JUST a month into the new year, and Australian agriculture has once again shown it is being increasingly seen as important part of an investment portfolio for institutional investors and families alike.
As we reported earlier, Chinese textile firm, Zhejiang Sunrise Garment Group has paid around $120 million for one of Australia’s largest irrigated farming operations, Gundaline, near Carrathool in the Murrumbidgee Irrigation area of southern New South Wales.
And Victorian-based Excel Farms, backed by Canadian investment firm Fiera Comox, secured Western Australia mixed-farming enterprise Cherylton Farms for more than $100 million.
In our first weekly property review for the year, industry experts look at what is in store for 2023.
Col Medway, LAWD
One of the founding senior directors of LAWD, Col Medway, anticipates the market will run into a period of consolidation this year.
“Property values are unlikely to decline, but some holes may develop, particularly with secondary properties. These holdings may not find a buyer unless the vendors correctly recalibrate their expectations,” he said.
Mr Medway said the property market was still strong and healthy, but was coming off extreme levels of earlier inquiry that, at times, were almost frantic.
“During 2022, many prospective buyers were running over themselves to inspect places, but that is not occurring now. The market appears to have returned to more normal settings.”
LAWD has a strong pipeline with round $250 million worth of properties lined up in the first quarter.
Last week, it listed the 3026ha Emu Creek in the high rainfall Walcha grazing district, in northern New South Wales, after 155 years of single family ownership. Expected to raise around mid-$30 millions, the breeding and fattening operation that can run 25,000 dry sheep equivalents is being sold through expressions of interest.
Mr Medway couldn’t put a finger on why there was such a strong line up of property sales happening.
“There isn’t a trend. Our vendors are selling for a range of reasons. For instance, one family wants to trade-out of one property but stay in agriculture, while another family patriarch has passed away.”
Will Gurry, JLL
Will Gurry, head of JLL Agribusiness valuations and advisory, anticipates a rush for quality holdings in 2023.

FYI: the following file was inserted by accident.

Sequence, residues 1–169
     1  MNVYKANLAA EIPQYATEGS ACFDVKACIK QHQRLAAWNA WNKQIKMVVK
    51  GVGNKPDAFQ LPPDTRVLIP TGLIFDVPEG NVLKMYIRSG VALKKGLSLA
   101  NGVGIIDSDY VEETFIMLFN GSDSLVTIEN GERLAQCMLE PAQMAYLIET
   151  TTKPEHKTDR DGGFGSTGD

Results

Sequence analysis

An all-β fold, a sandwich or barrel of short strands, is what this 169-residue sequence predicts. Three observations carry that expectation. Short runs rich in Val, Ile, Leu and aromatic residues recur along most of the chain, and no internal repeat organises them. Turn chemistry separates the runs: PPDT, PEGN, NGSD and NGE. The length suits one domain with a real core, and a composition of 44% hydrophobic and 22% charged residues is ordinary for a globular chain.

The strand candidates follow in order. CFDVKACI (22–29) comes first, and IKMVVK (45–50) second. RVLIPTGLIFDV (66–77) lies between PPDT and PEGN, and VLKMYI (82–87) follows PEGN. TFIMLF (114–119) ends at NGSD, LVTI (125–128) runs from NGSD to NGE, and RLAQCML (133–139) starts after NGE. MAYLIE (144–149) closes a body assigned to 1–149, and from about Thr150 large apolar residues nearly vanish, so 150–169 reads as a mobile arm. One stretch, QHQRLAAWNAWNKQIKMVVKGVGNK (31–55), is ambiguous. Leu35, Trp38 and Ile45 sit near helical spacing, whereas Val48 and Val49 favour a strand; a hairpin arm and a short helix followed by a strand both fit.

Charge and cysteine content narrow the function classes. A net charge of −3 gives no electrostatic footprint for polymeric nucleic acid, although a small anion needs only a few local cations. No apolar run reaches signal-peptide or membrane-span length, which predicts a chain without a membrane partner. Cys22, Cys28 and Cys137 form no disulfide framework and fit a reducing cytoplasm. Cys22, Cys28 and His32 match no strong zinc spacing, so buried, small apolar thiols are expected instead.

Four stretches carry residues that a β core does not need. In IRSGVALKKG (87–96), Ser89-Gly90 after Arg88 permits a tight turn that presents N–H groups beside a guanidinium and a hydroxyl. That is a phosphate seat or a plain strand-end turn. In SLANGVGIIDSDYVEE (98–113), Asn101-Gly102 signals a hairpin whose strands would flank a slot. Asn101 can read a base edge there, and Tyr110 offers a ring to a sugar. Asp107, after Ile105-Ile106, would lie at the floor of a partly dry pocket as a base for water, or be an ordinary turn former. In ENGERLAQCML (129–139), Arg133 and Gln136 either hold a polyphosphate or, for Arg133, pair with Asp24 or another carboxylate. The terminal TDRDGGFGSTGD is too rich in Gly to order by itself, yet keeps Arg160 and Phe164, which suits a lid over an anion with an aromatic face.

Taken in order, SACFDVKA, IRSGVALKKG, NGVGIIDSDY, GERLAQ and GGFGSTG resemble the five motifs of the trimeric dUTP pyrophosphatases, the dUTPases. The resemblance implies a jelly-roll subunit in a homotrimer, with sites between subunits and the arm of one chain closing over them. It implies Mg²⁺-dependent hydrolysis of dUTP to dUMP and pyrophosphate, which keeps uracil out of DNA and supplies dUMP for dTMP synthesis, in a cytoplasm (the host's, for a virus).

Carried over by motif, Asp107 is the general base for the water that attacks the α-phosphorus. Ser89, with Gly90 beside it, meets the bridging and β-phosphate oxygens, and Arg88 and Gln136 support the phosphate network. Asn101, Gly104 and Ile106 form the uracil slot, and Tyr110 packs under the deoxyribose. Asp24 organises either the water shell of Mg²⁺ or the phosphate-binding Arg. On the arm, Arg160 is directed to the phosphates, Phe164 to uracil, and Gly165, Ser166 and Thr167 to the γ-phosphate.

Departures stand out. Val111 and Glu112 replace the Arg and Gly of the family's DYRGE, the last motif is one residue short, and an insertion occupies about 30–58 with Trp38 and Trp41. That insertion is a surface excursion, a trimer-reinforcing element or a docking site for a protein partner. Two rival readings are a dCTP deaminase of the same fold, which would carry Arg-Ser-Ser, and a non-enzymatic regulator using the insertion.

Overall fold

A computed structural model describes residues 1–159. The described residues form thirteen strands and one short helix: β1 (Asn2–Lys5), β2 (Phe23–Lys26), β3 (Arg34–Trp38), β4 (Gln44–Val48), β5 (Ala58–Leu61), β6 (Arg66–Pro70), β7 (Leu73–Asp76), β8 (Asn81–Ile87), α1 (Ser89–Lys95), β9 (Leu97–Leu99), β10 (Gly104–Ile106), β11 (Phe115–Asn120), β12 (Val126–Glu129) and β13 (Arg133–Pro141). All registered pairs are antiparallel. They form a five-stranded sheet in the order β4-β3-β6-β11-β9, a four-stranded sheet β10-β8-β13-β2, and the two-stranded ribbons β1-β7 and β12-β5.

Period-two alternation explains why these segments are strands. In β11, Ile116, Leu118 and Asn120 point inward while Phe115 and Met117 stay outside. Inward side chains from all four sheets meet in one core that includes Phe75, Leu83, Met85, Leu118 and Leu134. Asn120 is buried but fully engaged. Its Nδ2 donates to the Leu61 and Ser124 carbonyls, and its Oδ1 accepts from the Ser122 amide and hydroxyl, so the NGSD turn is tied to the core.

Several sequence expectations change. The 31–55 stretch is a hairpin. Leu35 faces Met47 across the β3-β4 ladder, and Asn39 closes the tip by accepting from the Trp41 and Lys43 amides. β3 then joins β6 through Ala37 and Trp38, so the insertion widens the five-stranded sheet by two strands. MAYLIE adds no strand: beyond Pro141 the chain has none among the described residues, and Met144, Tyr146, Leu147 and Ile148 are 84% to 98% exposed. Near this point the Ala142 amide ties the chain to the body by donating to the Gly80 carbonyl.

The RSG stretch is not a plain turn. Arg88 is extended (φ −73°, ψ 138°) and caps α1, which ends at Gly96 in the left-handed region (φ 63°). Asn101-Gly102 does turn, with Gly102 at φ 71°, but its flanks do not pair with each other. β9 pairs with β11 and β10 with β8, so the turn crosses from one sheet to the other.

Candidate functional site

“Well-presented assets with sound production history that are offered to the market should continue to achieve prices at the top of the ranges experienced in 2022,” he said.
“Conversely, any assets that have had significant time on market or are presented in below average condition are likely to take longer to transact.”
Mr Gurry said while the primary buyers remained largely local landholders, corporates were likely to become more prevalent.
“A number have continued to raise capital, and those driven by equity investments are likely to begin transacting, as demand from debt reliant buyers slows down as a result of rising interest rates.”
He expects land values to increase, but not to the levels witnessed in 2021 and 2022.
“Capital growth throughout 2023 will be modest, as the numbers of sales decline and potential buyers consider their debt/equity positions. This may also mean that sellers will have to lower expectations slightly to meet the market as we come off the peak.”
Mark Barber, Elders
Mark Barber is the general manager for Elders’ farmland agency and agribusiness investments.
With full soil moisture profiles and spilling dams, he said most regions were set up for a good start in 2023.
“There is very good body of feed in for most regions, setting up livestock enterprises well. With these favourable seasonal conditions, it is difficult to see a rise in the number of transactions, even if there is some softness in commodity prices and input prices remain elevated.”
Mr Barber believes continued low turnover will be an important support for property prices.
Mr Barber said one of the uncertainties in farmland value in 2023 would be the impact of carbon, biodiversity and alternative energy production in rural and regional areas.
“These potentially represent alternative revenue streams for property owners in future. How they will be valued by potential buyers will be an important question for vendors.”
Last year, the Federal Government appointed an independent review, led by Professor Ian Chubb, into the integrity of the Australian Carbon Credit Unit scheme.